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Ethyl Ethanoate Production

Chemistry (Year 12) - Chemical Synthesis

Melanie Gamble

Industrially, ethyl ethanoate is predominately produced in 2 steps.

Step 1: The hydration of ethene to form ethanol in the presence of a phosphoric acid catalyst:

Step 2: Esterification of ethanol with ethanoic acid to produce ethyl ethanoate:

In Step 1, ethanol is produced via the hydration of ethene with steam:

This reaction is both reversible and exothermic, therefore a moderate temperature of 300 - 350°C is used to make a compromise between the reaction rate and yield.

The reaction has a ratio of 2 gas moles of reactants to 1 gas mole of products, therefore a high pressure of 60 - 70 atm is used to maximise both the reaction rate and yield of the reaction.

The use of the phosphoric acid catalyst also increases the overall reaction rate.

In the chemical industry, Step 1 (to produce ethanol) occurs accross two reaction chambers.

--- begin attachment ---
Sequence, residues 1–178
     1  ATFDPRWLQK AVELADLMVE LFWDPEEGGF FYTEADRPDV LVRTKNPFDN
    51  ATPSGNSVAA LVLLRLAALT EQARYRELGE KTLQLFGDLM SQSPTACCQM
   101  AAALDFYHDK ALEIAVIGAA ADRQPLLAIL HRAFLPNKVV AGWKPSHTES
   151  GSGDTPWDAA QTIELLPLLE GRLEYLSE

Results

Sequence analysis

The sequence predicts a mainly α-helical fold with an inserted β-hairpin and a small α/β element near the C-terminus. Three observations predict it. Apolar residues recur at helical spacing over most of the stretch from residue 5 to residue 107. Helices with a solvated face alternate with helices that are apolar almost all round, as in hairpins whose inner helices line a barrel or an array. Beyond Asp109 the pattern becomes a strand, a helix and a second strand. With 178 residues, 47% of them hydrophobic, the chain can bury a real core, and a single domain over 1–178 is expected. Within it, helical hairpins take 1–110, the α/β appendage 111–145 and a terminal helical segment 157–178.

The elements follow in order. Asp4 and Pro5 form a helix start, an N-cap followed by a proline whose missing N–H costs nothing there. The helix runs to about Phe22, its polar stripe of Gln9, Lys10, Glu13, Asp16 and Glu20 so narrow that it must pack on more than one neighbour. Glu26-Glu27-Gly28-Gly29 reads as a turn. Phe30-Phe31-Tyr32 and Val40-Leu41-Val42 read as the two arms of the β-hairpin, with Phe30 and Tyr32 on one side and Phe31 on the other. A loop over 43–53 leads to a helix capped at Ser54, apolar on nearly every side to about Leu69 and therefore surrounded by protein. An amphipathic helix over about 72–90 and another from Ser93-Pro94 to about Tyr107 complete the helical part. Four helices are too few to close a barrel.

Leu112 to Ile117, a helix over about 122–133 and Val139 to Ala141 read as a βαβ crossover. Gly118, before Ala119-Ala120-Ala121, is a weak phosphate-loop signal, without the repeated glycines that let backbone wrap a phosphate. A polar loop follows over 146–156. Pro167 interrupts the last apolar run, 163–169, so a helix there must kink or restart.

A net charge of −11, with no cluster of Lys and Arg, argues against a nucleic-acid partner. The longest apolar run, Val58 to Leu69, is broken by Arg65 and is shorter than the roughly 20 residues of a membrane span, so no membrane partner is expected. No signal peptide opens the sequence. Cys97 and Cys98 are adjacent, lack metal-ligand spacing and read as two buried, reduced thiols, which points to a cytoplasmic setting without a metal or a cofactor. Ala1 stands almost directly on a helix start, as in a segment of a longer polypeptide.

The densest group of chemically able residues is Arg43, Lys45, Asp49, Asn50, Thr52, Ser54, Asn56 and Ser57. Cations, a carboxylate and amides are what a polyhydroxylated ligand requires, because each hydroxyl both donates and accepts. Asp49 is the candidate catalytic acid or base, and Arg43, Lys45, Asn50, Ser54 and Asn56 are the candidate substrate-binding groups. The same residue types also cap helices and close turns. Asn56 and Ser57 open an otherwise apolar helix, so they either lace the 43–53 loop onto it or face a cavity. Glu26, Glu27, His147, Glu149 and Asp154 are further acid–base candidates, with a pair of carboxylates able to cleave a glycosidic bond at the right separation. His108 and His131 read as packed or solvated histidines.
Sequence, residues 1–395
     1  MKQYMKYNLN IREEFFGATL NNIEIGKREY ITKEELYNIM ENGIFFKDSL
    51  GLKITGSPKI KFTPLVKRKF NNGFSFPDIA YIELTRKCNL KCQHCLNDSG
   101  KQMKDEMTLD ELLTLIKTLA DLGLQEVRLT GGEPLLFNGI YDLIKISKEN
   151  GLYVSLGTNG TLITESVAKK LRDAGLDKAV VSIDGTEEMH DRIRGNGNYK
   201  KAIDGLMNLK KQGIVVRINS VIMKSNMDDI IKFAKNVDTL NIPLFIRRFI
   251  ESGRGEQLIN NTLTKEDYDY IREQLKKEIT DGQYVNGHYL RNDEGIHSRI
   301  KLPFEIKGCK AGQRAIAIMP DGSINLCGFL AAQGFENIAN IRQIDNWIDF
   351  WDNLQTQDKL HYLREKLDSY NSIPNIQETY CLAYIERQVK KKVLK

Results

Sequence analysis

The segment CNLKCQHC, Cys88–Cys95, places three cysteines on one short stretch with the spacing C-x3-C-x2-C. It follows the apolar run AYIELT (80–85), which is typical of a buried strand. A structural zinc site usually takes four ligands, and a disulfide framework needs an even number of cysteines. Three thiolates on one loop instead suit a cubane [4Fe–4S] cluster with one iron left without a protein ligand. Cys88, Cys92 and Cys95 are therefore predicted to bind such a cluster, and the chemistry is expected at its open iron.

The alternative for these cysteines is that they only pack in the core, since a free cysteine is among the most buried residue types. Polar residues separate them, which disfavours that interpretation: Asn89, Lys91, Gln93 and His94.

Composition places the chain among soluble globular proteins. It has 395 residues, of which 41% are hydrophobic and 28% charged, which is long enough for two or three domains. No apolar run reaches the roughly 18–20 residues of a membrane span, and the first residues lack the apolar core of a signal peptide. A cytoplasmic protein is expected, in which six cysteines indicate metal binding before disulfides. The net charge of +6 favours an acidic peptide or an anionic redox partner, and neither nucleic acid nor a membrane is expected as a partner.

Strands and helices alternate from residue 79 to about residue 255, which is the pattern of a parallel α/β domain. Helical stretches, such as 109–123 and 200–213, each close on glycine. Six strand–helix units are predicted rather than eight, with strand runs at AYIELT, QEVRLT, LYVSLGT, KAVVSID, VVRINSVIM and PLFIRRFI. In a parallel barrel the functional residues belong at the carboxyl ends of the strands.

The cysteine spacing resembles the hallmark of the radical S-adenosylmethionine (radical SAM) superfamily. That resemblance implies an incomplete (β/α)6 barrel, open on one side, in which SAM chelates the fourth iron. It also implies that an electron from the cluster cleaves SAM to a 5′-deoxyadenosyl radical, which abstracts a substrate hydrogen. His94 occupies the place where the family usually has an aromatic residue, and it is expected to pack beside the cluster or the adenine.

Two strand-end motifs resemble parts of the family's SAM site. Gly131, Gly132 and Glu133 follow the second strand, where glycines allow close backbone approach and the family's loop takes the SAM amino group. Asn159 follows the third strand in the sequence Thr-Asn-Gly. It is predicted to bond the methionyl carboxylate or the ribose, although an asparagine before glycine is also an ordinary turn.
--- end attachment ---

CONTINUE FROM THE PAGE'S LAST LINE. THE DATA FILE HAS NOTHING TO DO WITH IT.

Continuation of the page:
Initially, the ethanol and steam are pumped into a chamber at a temperature of 300 - 350°C and a pressure of 60 - 70 atm.

They are then passed through layers of silica mesh coated with a phosphoric acid catalyst to produce ethanol.

Any unreacted reagents are then pumped into a second chamber, where they are cooled. Ethanol has the lowest boiling point and can be collected at the bottom of the chamber. The leftover ethene and steam are cycled through the system again to obtain a higher yield.

A schematic of industrial ethanol production is depicted below:

Now that ethanol has been formed we can move on to the next step.

In Step 2, ethanoic acid is reacted with ethanol in the presence of a sulfuric acid catalyst to produce ethyl ethanoate. This is an esterification reaction.

As this reaction only involves aqueous species, it occurs at room temperature and atmospheric pressure.

Industrially, this reaction takes place in large distillation chambers so that the ethyl ethanoate can be distilled off as soon as it is formed, to prevent the reverse reaction from occurring.

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